Overtime By TeraS

There are some souls in the Realm who are … far closer to reality than the stories themselves reveal. The colour of their hair, the slightly gruff nature, the walking stick that has been with a person as long as I can remember. Most of all, the phone call from a cherished uncle to his niece to talk about that night’s hockey game and how it went into …

Overtime
By TeraS

She’d always been fascinated by how white my hair was, not realizing how many years there were between us. But then she didn’t really take age as the measure of a soul. Rather, she accepted all those she met for who they were, and then she’d wonder about the question that never left her.

I recall the first words she said to me. At the time, those present thought it to be something childish, a silly request that needed but a pat on her head and then sending her off to play some child’s game.

“Can I help?”

Her mother had been as pointed with her thoughts, as I recall. There was no hint of wondering if the question was odd or out of place. It needed to be asked, so why not ask it?

Those so-green eyes had some innocence in them, but they couldn’t hide the intelligence lurking, waiting to find the words to speak and make her thoughts clear to everyone around her. Those three words would become who she was; the decisions she made harkened back to that single purpose she had from the beginning.

She asked if she could help, and so she did.

Oh, she didn’t care at all about being what our society expected her to be. Truth be told, I didn’t expect her to simply accept her role and do what others wanted her to do. The first time we shared some ice cream in the park, her thoughts were about why things were. When I tried to explain in a way that a child could understand, she tilted her head and sighed in way that had no reflection of her age, but rather the maturity of her soul. I never spoke to her again in that way, having learned that she might be a young tail, but she was in no way a child, even at that age.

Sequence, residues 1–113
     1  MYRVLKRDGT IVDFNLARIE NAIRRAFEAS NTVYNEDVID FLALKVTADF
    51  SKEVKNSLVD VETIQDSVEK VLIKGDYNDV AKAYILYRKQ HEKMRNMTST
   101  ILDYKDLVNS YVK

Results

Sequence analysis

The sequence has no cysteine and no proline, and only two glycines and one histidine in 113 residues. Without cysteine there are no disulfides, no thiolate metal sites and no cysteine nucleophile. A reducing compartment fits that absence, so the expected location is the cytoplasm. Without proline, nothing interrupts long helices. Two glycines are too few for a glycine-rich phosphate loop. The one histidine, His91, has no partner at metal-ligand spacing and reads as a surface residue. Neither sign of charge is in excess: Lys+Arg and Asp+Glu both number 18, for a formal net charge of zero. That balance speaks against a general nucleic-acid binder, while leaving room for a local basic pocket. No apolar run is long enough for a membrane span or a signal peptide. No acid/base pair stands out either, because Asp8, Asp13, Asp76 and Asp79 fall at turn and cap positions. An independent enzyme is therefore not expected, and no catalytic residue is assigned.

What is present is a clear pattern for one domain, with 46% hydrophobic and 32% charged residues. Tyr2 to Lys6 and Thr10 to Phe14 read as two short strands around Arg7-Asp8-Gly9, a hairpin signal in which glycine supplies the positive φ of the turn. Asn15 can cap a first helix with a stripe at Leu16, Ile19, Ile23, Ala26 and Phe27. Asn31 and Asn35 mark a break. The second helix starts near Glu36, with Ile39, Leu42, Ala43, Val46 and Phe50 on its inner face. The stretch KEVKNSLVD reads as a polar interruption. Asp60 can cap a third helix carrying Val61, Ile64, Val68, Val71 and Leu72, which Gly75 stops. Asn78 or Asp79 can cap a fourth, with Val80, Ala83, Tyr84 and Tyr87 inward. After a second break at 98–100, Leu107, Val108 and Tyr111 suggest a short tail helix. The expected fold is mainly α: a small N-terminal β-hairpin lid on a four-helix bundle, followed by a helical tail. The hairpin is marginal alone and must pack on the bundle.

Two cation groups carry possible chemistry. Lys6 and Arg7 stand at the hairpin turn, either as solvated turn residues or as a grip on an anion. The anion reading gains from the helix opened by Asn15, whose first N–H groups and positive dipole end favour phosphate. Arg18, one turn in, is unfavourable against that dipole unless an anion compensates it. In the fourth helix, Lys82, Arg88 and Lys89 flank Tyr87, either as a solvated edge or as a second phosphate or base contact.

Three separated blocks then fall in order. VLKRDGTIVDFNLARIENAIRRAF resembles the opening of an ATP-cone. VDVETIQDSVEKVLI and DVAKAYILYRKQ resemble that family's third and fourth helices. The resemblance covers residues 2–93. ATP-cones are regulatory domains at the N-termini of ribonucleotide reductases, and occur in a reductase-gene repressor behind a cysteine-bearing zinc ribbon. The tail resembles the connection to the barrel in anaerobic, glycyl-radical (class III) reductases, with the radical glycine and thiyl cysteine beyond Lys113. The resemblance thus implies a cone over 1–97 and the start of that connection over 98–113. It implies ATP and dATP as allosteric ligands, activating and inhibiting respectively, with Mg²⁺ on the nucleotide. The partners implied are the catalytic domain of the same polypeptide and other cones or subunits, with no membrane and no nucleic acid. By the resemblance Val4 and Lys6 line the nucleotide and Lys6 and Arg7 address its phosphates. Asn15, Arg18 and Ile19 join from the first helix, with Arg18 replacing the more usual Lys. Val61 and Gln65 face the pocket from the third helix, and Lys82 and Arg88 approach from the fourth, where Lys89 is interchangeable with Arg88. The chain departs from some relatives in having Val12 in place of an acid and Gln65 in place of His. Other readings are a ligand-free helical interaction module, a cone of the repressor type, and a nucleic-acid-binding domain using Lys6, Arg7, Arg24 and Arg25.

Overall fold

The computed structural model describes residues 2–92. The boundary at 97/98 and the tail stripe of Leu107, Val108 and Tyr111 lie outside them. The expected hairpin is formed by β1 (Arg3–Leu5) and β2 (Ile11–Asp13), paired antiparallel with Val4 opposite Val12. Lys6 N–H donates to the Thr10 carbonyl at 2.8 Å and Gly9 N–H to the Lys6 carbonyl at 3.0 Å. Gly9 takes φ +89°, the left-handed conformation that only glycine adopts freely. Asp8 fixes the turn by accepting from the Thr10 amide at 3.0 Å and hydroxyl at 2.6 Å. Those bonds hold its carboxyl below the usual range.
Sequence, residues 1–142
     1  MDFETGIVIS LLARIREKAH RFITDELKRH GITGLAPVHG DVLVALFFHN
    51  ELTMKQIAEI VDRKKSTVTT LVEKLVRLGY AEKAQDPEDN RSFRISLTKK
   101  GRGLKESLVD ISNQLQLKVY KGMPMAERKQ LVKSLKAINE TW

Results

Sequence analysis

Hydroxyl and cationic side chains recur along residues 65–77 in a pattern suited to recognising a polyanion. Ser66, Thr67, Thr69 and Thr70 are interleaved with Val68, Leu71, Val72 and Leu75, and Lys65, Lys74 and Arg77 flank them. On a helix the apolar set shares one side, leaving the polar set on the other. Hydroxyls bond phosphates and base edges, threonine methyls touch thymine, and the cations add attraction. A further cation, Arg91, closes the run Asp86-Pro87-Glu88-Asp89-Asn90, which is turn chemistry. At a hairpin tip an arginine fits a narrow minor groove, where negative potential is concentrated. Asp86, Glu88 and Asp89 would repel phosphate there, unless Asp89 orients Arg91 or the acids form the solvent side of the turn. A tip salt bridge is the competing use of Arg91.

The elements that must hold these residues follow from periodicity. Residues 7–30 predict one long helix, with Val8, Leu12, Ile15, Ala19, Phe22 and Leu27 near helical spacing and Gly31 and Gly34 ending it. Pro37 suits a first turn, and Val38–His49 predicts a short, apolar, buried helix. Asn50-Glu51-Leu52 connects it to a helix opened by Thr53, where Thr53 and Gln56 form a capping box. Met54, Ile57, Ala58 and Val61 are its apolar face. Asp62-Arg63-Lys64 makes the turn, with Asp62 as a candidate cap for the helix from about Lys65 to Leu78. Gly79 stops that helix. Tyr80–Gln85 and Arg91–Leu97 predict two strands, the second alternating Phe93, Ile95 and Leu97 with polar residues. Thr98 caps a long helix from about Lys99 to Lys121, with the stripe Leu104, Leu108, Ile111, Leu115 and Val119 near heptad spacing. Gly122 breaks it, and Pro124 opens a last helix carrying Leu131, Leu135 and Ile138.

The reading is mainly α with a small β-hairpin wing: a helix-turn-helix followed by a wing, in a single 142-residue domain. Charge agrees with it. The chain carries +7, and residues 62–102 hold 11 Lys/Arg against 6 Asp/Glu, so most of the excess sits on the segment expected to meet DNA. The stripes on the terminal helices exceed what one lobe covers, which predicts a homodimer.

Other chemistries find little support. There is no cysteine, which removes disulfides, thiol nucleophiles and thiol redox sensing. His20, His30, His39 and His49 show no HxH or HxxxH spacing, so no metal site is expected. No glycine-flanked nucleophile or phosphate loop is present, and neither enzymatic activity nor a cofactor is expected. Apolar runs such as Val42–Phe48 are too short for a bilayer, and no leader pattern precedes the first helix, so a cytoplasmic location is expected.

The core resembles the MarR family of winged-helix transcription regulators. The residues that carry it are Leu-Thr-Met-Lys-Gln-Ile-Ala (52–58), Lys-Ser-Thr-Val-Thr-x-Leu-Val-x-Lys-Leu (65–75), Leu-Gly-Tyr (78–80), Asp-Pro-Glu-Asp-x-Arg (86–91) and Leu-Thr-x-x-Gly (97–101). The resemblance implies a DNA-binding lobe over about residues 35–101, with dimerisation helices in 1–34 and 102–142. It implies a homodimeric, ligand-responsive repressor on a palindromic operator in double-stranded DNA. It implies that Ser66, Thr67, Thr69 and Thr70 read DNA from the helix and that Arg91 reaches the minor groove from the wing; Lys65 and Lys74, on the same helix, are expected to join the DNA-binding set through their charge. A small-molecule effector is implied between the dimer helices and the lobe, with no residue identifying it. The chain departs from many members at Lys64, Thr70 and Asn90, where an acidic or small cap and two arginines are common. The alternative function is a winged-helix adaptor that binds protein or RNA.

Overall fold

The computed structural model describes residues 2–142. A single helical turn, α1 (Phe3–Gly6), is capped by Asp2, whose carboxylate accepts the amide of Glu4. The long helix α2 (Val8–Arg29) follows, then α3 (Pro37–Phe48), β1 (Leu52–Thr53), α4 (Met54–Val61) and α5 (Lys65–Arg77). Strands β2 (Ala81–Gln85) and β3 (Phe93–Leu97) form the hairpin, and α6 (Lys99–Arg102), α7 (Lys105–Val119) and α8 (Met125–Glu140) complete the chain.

Time passed and she found herself challenged as a young Queen—I am very well aware that she dislikes that word, but I am her uncle, and so she allows my thoughts and words without comment, only the occasional arched eyebrow, at which I cannot help but chuckle. She had no Eternal, no Heart, no parents to turn to and ask. I remained nearby … and she came and found me, though I simply had to tell her to trust her instincts, which were spot on.

She always knew where to find me. Many times, I’d be working away, trimming a hedge, and she’d appear. She never interrupted, waiting for me to turn to her, smile, and ask: “Can I help?” Those three words became our connection. They expressed her need and my willingness to give her the wisdom I could. We spoke of the issues, what her options might be and where she might take things. But it was her choice, and whatever she decided that was how things where to be.

The accident almost took me away from her. It was a close thing, closer than I think she really knows. At least I hope so, sometimes she’s more concerned about how others feel about things than what she keeps bottled up inside. It was a long road to come back, the cane forever at my side. She always worries about me, and is always willing to shorten the distance. Those words came back, more meaningful than they were in the past: “Can I help?”

She found her Eternal in time, her Heart appeared and brought wisdom and understanding. Two souls who know her own better than most, and for that, for them being there for her, I am grateful. Few can really understand the soul of the Queen of the Realm.

For me, it’s somewhat different, she is my niece after all. The laughter when I rant over the hockey game tells of how she adores the time we have together. The thoughtfulness of her own wisdom, that she will never give herself credit for, brings me hope for the future.

The journey isn’t over, much like the hockey game, there is still more of the game to be played … and then overtime.

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